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It is becoming widely accepted that postural distortions (poor posture) are a major determinant in the development of musculoskeletal pain.  However, there are two entirely different postural models that describe the sequence of events that lead to a poor posture:

  1. the Mechanical Model and
  2. the Neurophysiological Model

The Mechanical Model for the Development of Postural Distortions

The mechanical model can be best understood by evaluating the kinetics of motion and the impact that gravity has on the body. Because the body is connected from head to toe, what affects one part of the body affects every other part - a compensatory concept of body mechanics.

Because human beings exist on a planet with gravity, this fundamental principle of physics cannot be overlooked. In every moment, with every movement, the body makes every attempt to balance itself from top to bottom, side to side, and front to back. 

How this relates to Rothbarts Foot

If Rothbarts Foot is present, when the body’s weight is over the front part of the foot, the foot must twist inward and fall downward (pronate excessively) in order to attain full foot-to-ground contact (foundational stability).

Rothbarts Foot in NP

Rothbarts Foot at Flat Foot in Stance Phase of Gait.  Note that the hallux (big toe) and first metatarsal head are elevated off the ground.

Rothbarts Foot in GDPron

Rothbarts Foot as the body's weight is transferred to the forefoot (front part of the foot).  The foot is forced to pronate (e.g., gravity driven pronation) in order to bring the hallux and first metatarsal head down to the ground.

As the body's center of gravity is shifted to the inside of the foot, the knees are forced to roll inward and closer together, producing an oblique patellar tracking pattern and genu valgum (knock knees).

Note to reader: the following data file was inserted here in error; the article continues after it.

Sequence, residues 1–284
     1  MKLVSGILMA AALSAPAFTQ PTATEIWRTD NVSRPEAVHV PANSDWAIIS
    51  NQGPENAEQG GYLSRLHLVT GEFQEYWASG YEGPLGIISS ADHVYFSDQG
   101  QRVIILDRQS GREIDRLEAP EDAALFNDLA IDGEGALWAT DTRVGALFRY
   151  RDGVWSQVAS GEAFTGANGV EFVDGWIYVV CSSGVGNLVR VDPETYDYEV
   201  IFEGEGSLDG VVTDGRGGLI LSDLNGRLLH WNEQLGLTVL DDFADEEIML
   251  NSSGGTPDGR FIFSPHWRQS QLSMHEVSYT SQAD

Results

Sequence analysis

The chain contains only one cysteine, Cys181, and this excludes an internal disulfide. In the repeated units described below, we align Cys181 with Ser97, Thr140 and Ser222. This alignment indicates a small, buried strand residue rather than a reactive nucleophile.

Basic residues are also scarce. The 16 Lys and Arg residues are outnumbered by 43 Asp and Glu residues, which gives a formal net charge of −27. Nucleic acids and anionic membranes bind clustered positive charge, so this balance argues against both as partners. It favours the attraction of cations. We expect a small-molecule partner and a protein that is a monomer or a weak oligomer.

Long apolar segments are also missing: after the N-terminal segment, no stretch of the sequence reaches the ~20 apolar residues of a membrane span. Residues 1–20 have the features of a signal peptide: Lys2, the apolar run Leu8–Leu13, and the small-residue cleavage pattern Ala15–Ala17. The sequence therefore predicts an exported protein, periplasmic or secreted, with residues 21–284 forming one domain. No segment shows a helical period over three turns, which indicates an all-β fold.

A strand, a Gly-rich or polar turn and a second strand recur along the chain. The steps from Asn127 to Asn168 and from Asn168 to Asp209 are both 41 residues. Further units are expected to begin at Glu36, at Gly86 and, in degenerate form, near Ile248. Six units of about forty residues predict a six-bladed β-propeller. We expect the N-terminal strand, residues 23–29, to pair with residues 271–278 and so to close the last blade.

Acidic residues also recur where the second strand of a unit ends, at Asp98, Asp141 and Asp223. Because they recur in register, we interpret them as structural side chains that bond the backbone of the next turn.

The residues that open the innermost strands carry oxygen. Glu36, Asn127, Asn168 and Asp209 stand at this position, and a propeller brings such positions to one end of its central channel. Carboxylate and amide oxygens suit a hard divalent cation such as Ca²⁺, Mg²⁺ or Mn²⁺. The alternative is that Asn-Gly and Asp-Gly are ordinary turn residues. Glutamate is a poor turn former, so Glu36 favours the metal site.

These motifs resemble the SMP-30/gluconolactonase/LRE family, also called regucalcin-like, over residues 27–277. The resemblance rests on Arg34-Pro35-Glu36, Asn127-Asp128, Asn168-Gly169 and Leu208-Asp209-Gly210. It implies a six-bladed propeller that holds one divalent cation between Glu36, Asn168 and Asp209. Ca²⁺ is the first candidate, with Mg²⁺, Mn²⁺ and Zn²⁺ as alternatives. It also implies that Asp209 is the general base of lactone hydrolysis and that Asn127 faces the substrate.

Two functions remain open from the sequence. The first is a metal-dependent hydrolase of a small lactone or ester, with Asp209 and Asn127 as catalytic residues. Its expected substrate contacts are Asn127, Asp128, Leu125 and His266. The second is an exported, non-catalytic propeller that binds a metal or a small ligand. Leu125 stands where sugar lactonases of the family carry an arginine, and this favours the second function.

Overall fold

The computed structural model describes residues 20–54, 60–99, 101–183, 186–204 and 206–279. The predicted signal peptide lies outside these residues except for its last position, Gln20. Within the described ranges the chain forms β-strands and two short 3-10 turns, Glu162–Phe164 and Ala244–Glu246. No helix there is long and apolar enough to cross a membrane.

The collapsing feet drive the sacroiliac joints forward, inward and downward because the body's center of gravity is anterior to the sacroiliac joints. 

This rotation in the sacroiliac joint carries the lumbar spine with it, producing lumbar lordosis with a compensatory thoracic kyphosis, seen visually as "sway-back" and "hunched" shoulders. 

When the shoulders protract (hunch), the cervical spine loses its normal curvature, and the head is thrust forward.  

The end result is a postural distortional pattern (kyphotic Posture).

The Neuro-Physiological Model for the Development of Postural Distortions – The Foot to Brain Connection

The Neuro-Physiological Model (which I first described in my book, Forever Free From Chronic Pain), can best be understood by elucidating the role that the Pacinian and Meissner corpuscles (touch mechanical receptors) play in the Foot to Brain Connection.  

All feet have millions of mechanical receptors dispersed across the bottom of both feet. As one walks these touch receptors are being stimulated.  The position and quantity of receptors that are being stimulated is referred to as a Pattern of Stimulation. 

An entirely different pattern of stimulation is seen in a ‘normal’ (non-twisting) foot than in a Rothbarts Foot (a foot that twists when standing or walking).  That is, a non-distorted pattern of stimulation is seen in a ‘normal’ foot, whereas a distorted pattern of stimulation is seen in a Rothbarts Foot.

This distorted pattern of stimulation has a dramatic and devastating impact on posture: According to the Neuro-Physiological Model, patterns of stimulation coming from the feet send information (signals) to the cerebellum on the current position of the body in space (e.g., its posture).  Acting on this information, the cerebellum makes continuous micro adjustments in the posture to maintain an upright posture.

  • If these patterns of stimulation are normal, the cerebellum maintains an erect and stable posture.
  • If these patterns of stimulation are abnormal (e.g., distorted resulting from a Rothbarts Foot) the cerebellum distorts the posture (e.g., kyphotic posture).


Rothbart BA 2011.  Twisting Foot and Musculoskeletal Pain: Root's Biomechanical Model vs Rothbarts Neurophysiological Model.  Positive Health, Issue 186, September.